Our well-known English saying, “The eyes are the window to the soul,” conveys a double truth. First, that through our eyes we take in the world around us, allowing us to receive light for our mental understanding. In other words, our eyes are a window providing illumination to our own souls. Second, the eyes of others are a window into their souls, that is, we can catch a glimpse into the mental and emotional state of others through their eyes. Through the eyes of others, we can perceive their grief, anger, joy, peace, pride, fear, confusion, and more. In the same way, others can see into our souls through the windows of our eyes.

These contemporary concepts help us understand what David is saying. David’s eyes are dimmed by his grief and sorrow. His eyes are dull due to his deep despondency, leading him to despair of life itself. Life is a chore. He is numb and he has no sense of hope for a better future. David uses similar “eyes” terminology in other Psalms to describe his anguished soul.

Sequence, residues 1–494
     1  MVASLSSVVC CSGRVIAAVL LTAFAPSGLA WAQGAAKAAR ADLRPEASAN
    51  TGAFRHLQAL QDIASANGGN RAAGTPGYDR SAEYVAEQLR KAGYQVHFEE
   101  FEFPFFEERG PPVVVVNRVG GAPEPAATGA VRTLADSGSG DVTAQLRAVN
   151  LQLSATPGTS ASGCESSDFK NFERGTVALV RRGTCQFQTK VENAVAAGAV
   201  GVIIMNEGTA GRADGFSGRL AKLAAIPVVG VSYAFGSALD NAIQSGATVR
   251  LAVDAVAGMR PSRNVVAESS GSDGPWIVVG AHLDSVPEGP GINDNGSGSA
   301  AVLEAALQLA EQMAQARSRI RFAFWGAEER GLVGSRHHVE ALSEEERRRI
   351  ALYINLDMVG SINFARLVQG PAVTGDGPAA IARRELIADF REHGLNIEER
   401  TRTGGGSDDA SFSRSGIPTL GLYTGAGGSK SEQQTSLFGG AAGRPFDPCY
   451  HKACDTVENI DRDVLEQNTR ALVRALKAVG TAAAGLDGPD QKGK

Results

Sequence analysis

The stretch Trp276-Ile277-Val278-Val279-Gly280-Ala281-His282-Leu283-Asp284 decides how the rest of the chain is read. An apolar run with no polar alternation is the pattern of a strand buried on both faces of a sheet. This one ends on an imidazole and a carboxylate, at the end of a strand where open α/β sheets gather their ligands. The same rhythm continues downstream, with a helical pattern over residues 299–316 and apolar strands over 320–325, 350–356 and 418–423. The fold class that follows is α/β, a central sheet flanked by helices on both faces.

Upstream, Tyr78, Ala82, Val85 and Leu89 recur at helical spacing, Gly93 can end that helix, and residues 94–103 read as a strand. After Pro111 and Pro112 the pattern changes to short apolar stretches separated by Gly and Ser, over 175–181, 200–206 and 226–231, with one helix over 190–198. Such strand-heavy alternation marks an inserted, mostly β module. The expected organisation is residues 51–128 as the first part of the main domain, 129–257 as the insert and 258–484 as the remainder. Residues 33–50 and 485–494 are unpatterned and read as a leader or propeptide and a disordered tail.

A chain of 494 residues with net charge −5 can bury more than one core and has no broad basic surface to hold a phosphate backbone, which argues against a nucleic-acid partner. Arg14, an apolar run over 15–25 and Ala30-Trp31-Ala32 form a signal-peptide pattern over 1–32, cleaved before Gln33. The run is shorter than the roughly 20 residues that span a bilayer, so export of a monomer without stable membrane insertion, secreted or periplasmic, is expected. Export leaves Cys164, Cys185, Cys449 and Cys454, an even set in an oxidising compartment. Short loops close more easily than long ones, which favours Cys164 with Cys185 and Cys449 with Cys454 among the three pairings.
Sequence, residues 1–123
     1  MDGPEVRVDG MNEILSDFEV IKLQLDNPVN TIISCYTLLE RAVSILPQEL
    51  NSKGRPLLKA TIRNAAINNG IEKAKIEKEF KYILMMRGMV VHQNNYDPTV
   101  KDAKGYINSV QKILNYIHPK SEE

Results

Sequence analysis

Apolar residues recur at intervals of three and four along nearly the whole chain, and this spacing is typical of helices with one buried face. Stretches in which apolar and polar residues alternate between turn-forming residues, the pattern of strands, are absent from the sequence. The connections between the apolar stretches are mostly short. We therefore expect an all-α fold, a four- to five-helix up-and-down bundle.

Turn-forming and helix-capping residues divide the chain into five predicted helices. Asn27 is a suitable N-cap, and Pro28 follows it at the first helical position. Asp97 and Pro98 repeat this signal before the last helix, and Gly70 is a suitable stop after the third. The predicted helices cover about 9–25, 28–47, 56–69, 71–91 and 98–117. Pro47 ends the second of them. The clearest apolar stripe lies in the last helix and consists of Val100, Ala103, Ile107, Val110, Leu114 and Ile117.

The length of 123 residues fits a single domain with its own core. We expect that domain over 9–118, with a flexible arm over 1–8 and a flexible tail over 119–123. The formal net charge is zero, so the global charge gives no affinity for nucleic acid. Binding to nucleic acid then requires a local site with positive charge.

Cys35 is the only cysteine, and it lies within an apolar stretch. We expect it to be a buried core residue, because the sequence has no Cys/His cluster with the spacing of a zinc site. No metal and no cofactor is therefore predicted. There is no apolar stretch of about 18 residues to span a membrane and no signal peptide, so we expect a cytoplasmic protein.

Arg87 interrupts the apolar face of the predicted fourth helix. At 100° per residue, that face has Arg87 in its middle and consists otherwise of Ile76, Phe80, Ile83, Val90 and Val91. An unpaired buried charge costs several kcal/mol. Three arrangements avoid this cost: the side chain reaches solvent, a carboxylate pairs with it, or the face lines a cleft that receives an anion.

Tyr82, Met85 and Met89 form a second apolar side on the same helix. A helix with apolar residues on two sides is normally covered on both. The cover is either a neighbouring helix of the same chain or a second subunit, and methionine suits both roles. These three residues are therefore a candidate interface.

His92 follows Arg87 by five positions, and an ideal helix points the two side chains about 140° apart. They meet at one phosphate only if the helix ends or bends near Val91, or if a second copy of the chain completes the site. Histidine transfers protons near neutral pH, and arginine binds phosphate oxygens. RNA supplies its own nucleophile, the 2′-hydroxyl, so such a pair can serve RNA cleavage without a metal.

Psalm 38:10 (NASB)

10 My heart throbs, my strength fails me; And the light of my eyes, even that has gone from me.

Psalm 69:3 (NASB)

3 I am weary with my crying; my throat is parched; My eyes fail while I wait for my God.

Psalm 88:9 (NASB)

9 My eye has wasted away because of affliction; I have called upon You every day, O Lord; I have spread out my hands to You.

Also consider Solomon’s usage of a similar metaphor.

Proverbs 15:30 (NASB)